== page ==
City of Angels?
Los Angeles, home of the up-skirt photo op, countless starlet meltdowns, and at least three of Tiger Woods' alleged mistresses, could stand to use a lesson in all things ladylike. In flew Derek Blasberg to oblige. Last night, the Style.com editor at large and his cheeky new self-help guide, Classy: Exceptional Advice for the Extremely Modern Lady, were toasted by friends and fans at the super-sleek Missoni store that just opened in Beverly Hills. "I feel honored and grateful and all those adjectives," said Blasberg, between autographing a fan's book and greeting pals like Olympia Scarry and Dasha Zhukova. "Although there's so much pressure when the party is for you. I just want everyone to have a good time."
Blasberg had little cause for concern. Nicole Richie, Kate Bosworth, and Margherita Missoni, who hosted the evening along with Style.com's editor in chief, Dirk Standen, were there to put guests at ease. Asked which of his many female friends best embodied the Classy ethos, Blasberg pointed to Missoni, who was gently corralling guests toward the back room where the book was being sold. "I think a hardworking, responsible young woman, even if she deals in knitwear, is pure class," he deadpanned. Bosworth offered up her own musings on what separates the ladies from the tramps. "Young girls wear too much makeup these days," she said. "That's actually my own biggest regret. I was in such a hurry to grow up. You should just enjoy feeling youthful and fresh."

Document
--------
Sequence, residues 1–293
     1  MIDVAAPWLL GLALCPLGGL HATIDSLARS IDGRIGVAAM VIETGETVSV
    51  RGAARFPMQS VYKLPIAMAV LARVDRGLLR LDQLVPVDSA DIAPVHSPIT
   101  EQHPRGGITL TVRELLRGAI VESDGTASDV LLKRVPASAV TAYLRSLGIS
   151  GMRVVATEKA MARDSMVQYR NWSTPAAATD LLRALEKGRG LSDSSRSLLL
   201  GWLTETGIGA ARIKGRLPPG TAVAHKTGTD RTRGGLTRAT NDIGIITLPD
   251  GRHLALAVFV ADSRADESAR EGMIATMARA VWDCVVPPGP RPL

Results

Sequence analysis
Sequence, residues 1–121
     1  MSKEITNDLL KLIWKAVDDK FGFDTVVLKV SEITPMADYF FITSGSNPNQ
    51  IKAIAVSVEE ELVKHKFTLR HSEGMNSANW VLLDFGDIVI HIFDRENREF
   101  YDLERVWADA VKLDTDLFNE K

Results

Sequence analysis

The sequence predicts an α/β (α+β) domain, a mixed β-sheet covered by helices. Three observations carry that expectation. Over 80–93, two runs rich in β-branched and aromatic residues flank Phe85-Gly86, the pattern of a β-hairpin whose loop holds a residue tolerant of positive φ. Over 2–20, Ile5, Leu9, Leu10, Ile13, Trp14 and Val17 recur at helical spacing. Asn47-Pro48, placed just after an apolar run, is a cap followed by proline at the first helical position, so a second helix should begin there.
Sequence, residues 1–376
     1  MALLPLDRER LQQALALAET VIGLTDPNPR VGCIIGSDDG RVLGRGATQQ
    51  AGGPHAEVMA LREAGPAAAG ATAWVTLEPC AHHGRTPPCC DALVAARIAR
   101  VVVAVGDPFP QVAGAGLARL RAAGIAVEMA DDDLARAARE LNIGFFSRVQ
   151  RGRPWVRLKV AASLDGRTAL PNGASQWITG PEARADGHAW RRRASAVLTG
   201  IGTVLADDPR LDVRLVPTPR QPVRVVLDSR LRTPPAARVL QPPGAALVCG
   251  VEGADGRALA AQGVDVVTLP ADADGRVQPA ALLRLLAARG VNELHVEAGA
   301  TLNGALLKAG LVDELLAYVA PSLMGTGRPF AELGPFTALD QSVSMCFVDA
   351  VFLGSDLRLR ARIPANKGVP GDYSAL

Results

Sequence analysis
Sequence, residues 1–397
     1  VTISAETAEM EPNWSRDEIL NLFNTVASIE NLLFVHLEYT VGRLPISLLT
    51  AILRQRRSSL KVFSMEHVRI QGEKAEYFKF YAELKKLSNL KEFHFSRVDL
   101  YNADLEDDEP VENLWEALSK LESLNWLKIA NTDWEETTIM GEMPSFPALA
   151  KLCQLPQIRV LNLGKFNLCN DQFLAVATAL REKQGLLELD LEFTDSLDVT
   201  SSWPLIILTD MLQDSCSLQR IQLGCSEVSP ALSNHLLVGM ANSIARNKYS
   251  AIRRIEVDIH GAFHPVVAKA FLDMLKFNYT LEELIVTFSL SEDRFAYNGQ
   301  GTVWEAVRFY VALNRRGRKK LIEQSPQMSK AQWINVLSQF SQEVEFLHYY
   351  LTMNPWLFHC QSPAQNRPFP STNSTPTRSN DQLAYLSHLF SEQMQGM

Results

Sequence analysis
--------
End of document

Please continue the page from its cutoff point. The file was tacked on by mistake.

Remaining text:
At the dinner that followed at Mr. Chow, Blasberg caught up with Nicky Hilton, Malin Akerman, and Patricia Arquette over a family-style feast that went uncharacteristically late for L.A. (Co-sponsor Fiji Water can't be blamed for any hangovers the next morning.) The fashion world was also well represented, with designers both local (Band of Outsiders' Scott Sternberg) and visiting (Pucci's Peter Dundas) on hand. Attention was briefly diverted from table talk when two chefs wheeled out a dough-filled cart and proceeded to demonstrate the art of Chinese noodle-making. "What are they doing?" asked Erdem Moralioglu as the men silently kneaded the dough into a long, thin ribbon. "Making a scarf," quipped Tara Subkoff.